Brad Trent is not a household name in St. Albert. Even in New York where he can often be found in the company of superstars of all stripes, it’s not the sight of his face or even the mention of his name that would stop traffic. And yet he wields a lot of power in that camera of his.
And he credits his time in St. Albert for helping to turn him into the photographer to the stars.
“I had a teacher at Paul Kane that really pushed me along. (Donna Powell) was very instrumental in how things turned out because I didn’t really know what I was going to be doing,” he said.
The self-professed class clown didn’t really know what to do with his life. A guidance counselor suggested architecture so he studied math and physics, always with a camera in hand though. Even though he was involved with things like the yearbook committee, he didn’t put any more thought into it.
“To me, a photographer is the guy that has the studio in the shopping mall that does weddings and stuff like that. That’s not what I was interested in.”
Upon graduating, he went to NAIT’s photography school just for the chance to play around with cameras and be in the darkroom. These kinds of programs “are what you put into them.” Not all of his classmates got jobs afterward, he noted, and even fewer are still doing it.
He moved to Calgary and picked up a retiring photographer’s business. While not exactly the ‘shopping mall wedding photography’ that he dreaded, there was a lot of corporate annual report shots. He did some side work for a modeling agency.
The work paid the bills and he carried on for a few years that way. His girlfriend at the time was a model and the agency moved her to New York, so he went along.
That was good timing. The recession hit and lots of Cowtown photogs went under. But making the leap to the Big Apple didn’t mean he was going to land on even ground.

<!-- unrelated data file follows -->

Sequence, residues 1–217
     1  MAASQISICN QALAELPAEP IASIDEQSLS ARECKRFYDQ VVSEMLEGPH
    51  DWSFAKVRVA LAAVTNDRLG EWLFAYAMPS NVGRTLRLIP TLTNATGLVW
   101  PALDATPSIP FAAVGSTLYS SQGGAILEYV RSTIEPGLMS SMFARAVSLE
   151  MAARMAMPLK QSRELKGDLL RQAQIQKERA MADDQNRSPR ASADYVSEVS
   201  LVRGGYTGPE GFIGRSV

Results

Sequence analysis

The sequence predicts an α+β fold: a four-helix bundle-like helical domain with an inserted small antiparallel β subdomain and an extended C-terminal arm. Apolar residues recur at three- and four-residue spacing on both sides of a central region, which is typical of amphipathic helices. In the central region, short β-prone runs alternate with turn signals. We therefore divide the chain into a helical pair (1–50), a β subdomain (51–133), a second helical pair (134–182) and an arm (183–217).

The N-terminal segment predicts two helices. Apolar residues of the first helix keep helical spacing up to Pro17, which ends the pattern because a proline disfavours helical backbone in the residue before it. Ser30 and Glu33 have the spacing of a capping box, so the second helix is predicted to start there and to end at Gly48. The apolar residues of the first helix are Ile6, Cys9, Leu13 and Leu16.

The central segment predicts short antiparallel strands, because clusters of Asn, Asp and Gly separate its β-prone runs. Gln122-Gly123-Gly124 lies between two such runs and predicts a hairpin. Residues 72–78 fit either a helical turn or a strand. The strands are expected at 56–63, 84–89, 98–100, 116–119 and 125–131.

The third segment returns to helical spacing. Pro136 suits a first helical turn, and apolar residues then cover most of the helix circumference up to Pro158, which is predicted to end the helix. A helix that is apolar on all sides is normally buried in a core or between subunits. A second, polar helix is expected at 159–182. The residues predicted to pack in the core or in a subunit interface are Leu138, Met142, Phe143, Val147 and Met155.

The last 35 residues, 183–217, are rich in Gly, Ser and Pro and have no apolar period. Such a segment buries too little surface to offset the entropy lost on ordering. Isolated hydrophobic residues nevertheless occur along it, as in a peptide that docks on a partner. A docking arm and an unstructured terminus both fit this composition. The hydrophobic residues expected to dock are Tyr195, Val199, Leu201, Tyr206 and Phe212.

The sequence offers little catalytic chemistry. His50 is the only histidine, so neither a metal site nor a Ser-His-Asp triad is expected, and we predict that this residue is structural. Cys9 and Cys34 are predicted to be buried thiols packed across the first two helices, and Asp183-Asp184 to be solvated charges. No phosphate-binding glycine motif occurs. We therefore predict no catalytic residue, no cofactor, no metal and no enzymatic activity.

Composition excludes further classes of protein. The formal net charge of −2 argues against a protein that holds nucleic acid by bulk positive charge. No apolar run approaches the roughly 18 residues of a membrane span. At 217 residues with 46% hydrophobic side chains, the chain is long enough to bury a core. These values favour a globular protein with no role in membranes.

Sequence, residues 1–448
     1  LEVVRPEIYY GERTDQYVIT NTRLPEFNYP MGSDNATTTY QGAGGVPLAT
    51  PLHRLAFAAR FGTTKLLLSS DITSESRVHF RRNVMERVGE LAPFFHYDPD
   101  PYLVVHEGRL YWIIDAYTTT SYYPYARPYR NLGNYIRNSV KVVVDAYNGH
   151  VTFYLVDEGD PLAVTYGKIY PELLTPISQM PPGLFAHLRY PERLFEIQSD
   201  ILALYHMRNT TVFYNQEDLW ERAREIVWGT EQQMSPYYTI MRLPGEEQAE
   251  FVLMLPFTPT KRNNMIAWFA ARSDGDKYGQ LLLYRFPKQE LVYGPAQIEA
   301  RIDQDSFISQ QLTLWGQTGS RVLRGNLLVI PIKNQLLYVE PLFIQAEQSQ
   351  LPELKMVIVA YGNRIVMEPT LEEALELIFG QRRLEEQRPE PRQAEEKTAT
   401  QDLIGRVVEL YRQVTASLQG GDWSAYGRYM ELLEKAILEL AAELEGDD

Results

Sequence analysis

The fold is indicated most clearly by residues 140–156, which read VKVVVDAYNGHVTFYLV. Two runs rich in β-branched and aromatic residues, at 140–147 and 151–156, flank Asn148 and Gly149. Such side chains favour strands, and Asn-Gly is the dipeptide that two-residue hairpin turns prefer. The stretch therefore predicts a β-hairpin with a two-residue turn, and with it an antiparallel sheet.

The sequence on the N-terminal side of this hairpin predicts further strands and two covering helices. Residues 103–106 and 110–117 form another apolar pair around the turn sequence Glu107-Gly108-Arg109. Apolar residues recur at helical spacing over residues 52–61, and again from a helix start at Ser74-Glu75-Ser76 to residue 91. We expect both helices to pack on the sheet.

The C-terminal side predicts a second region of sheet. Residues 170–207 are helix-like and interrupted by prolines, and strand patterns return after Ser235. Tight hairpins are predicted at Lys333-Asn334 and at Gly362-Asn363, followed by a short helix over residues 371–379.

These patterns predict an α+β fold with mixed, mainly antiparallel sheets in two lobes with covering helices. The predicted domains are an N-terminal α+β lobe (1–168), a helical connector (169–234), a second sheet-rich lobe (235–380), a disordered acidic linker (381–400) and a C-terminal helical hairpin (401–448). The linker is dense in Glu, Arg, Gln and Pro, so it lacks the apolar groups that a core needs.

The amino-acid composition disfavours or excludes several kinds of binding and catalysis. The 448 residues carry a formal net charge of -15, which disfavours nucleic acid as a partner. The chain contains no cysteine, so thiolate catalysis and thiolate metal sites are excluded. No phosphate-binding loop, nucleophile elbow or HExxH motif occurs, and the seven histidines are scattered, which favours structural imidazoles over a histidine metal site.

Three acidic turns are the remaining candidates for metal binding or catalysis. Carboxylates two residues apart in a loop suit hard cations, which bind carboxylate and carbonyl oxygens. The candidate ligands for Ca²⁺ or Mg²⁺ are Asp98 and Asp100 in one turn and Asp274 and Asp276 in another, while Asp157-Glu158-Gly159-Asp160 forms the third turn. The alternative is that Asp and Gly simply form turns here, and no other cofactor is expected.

“I got out at the right time but it didn’t change the fact that I left Calgary on a high and then I moved to New York to work as an assistant. Living like a rat is not a joke. I was living in shitty, awful apartments with roaches for pets,” he recalled. “It was more than starting from scratch but I was getting sick of oil rigs and gas plants. I thought, ‘This is better.’ I figured I’d end up in Toronto. Why not? Give it a shot.”
With the right connections through the agency, he was at least in the right company of people to get his name – and his work – better known. Soon, he was working for such big photographers as Albert Watson, Patrick Demarchelier, Arthur Elgort, and Rebecca Blake. It wasn’t the be-all and end-all, but it was enough to give him a nudge in the right direction.
“I realized that there was no way on god’s earth I was going to be a fashion photographer. You really gotta give a shit about fashion, and I really didn’t care.”
At least he knew people. He kept himself open to do any and all work. Things finally clicked when he finally broke through to work with magazine editorial photographers.
He landed a major gig shooting pics for Life magazine’s special Constitution issue in the fall of 1987.
That’s when he knew that he had really made it. Soon after that, he was regularly working for Life, Time, Newsweek, Sports Illustrated, People, Fortune, BusinessWeek, Esquire, The New York Times Magazine, Forbes, Inc., and USA Weekend. He was working with photographers whose works he remembered from back when he was eight.
It was his work with Sports Illustrated that especially leant some clout toward him getting stars on his own lens.
“At that exact moment, athletes were suddenly becoming more than just guys who played with balls. They were now turning into these superstars that companies wanted to use in their advertising. Because of that, I started getting a lot of advertising. I was shooting these guys for Sports Illustrated and then I’d get a campaign for Pepsi.”
If athletes were celebrities, then other celebrities would soon be in his studio. In fact, they haven’t stopped. His portfolio includes Barack Obama, Bill Clinton, Steven Spielberg, Enya, Patti Smith, and Bryan Cranston, not to mention all of those other business and sports types that are on his regular roster too.
“I just like the fact that I’ve been able to bounce around, and yeah, you end up in the room with some pretty cool people. It just happens.”
So maybe he didn’t always have this as a life goal. It was always something that he knew.